Updated July 20, 2023
What is Balance Sheet Items?
The term “balance sheet items” refers to all the records captured in the balance sheet in the form of assets and liabilities as of a certain reporting date.
It is important to note that the balance sheet is one of the three fundamental financial statements (the other two being the income statement and cash flow statement). Financial analysts use it predominantly for the purpose of both accounting and financial modeling.
The balance sheet items can be broadly divided into current assets, non-current assets, current liabilities, non-current liabilities, and shareholders’ equity. Typically, the balance sheet places assets on the left and liabilities on the right. Further, when preparing a balance sheet, it is customary to place assets in decreasing order of liquidity, followed by liabilities, and then equity.
Items of Balance Sheet
Now, let us discuss some of the most common and major items in a balance sheet:
1. Current Assets
- Cash & Cash Equivalents: As it is considered the most liquid form of assets, it is placed at the top left corner of the balance sheet. Cash equivalents are typically combined with cash on the balance sheet because they primarily consist of assets that have maturities of less than 3 months or can be readily liquidated. Examples of cash equivalents include marketable securities.
- Accounts Receivable: It represents the number of sales executed on credit and not collected as on the balance sheet date. It is customary to present the balance sheet net of all provisions made to cover doubtful accounts, which accounts for a high probability of them becoming bad debts. If entities can recover the receivables, then the value of accounts receivable goes down while cash increases.
- Inventory: It represents the amount of money invested in the business in the form of finished goods, work-in-progress goods, and raw materials. When sales are recognized, then the value of this account is transferred to the income statement in the form of the cost of goods sold as per the concept of matching principle.
- Prepaid Expenses: These consist of all those expenses that a company has already paid but has not availed the services against the payment till the balance sheet date. Examples of prepaid expenses include advance payment for an insurance policy, salary paid to workers in advance, etc.
2. Non-Current Assets
- Plant, Property, and Equipment (pp&e) accounts for all the tangible fixed assets on a company’s book. Examples of PP&E primarily include buildings, equipment, and land.PP&E is recorded on the net of depreciation except for land, which is an exception.
- Intangible Assets: These account for all a company’s intangible fixed assets. These assets can be categorized into identifiable and unidentifiable intangible assets. Patents and licenses are identifiable intangible assets, while brand value and goodwill are unidentifiable.
3. Current Liabilities
- Accounts payable: It represents the dollar value of the money a company must pay suppliers for goods purchased, or services availed on credit. The value of accounts payable and cash accounts decreases simultaneously as the creditors are paid off.
- Unearned revenue: It accounts for the revenue for which payment has been received, but the service or product is yet to be delivered as on the balance sheet date.
- Notes payable: It includes the creditors that are not part of the accounts payable and are due within a year’s time. However, there are instances where notes payable appear as part of non-current liabilities as their maturity is of more than one year.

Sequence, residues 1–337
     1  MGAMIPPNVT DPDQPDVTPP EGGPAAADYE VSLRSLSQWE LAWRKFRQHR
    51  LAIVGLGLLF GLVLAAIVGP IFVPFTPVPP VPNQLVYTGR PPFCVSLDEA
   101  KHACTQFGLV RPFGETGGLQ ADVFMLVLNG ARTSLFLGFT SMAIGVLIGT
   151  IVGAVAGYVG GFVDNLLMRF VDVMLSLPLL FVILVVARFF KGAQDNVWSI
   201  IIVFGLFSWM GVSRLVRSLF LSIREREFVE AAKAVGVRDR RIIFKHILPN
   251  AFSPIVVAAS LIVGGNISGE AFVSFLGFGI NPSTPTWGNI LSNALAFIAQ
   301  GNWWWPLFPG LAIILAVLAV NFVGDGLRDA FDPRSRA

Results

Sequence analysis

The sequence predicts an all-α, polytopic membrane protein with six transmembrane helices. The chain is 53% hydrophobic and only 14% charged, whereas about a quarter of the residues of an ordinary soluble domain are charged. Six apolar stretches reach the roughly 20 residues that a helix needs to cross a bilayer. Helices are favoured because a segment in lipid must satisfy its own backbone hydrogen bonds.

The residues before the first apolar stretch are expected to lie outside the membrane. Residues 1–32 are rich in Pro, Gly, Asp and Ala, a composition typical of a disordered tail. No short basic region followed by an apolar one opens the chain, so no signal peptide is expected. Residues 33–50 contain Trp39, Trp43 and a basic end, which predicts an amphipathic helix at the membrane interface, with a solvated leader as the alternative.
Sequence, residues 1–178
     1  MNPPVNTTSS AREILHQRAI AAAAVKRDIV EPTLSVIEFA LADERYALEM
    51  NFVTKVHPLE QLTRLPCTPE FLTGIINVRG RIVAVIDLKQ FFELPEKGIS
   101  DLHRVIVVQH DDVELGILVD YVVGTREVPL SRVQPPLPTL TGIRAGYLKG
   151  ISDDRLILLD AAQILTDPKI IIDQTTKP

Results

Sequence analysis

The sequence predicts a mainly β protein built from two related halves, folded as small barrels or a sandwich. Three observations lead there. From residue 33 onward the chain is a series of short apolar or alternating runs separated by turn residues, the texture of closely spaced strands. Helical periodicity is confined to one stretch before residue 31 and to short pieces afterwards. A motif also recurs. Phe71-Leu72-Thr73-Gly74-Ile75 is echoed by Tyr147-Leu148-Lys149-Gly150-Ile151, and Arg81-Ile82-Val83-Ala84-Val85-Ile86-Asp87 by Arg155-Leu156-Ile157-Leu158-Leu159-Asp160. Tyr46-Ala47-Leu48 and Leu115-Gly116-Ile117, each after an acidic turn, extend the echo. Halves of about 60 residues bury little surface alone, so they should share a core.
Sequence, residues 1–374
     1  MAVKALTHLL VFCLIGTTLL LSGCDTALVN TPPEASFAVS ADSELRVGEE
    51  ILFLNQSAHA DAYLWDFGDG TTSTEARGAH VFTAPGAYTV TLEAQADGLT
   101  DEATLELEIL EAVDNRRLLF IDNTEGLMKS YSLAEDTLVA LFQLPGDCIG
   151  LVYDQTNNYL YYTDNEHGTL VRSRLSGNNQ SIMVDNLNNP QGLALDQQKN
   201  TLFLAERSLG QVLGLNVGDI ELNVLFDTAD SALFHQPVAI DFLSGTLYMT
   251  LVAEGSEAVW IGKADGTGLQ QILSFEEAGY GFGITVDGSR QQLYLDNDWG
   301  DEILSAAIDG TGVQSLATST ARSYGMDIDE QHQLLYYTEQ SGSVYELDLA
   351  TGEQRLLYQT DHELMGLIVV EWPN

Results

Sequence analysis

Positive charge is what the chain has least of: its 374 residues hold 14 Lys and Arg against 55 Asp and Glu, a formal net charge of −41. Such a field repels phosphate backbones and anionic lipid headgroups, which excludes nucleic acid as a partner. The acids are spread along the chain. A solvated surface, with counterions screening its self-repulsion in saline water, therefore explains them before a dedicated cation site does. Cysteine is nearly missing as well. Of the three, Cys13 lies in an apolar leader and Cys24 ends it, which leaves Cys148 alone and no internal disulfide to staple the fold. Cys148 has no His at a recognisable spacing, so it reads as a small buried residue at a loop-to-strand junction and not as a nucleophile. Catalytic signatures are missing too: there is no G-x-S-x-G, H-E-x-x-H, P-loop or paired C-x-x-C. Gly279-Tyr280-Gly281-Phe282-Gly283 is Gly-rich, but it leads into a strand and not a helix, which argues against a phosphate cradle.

- Current portion of long-term debt (CPLTD): This account represents the long-term debt that must be paid off within a year. This head captures the principal repayment due next year, deriving from the debt amortization schedule. This account separately represents and includes it as part of the long-term debt under non-current liabilities.
4. Non-Current Liabilities
- Bonds Payable: It represents the value of the bonds the company has issued, remaining outstanding as on the balance sheet. The bonds can be either coupon-paying or zero-coupon.
- Long-Term Debt: CPLTD represents the remaining long-term debt when captured under current liabilities. Otherwise, it is the aggregate of all long-term debts, primarily term loans.
5. Shareholders’ Equity
- Share Capital: It represents the amount of money invested by the shareholders in the company. The share capital is categorized into – authorized and paid-up share capital. Authorized share capital indicates the maximum number of shares a company can issue. At the same time, paid-up share capital represents the number of shares issued to the shareholders. Usually, paid-up share capital remains stable over the period of time until there are subsequent rounds of equity infusion to fund business requirements.
- Retained Earnings: It represents the portion of the net income retained in the company’s books over a period of time. If the company generates a profit, this account receives the remaining net income after the dividend payment. However, in the case of losses, it results in the deterioration of retained earnings.
So, it is important that as an analyst or an investor, you know what each of the line items of a balance sheet denotes. Interlinking all the items in the balance sheet is important because it closely connects with the income and cash flow statements. To interpret the various accounting adjustments in financial reporting, one should be thorough with the line items in each financial statement.
This is a guide to Balance Sheet Items. Here we also discuss balance sheet items and the most common and major items in a balance sheet. You may also have a look at the following articles to learn more –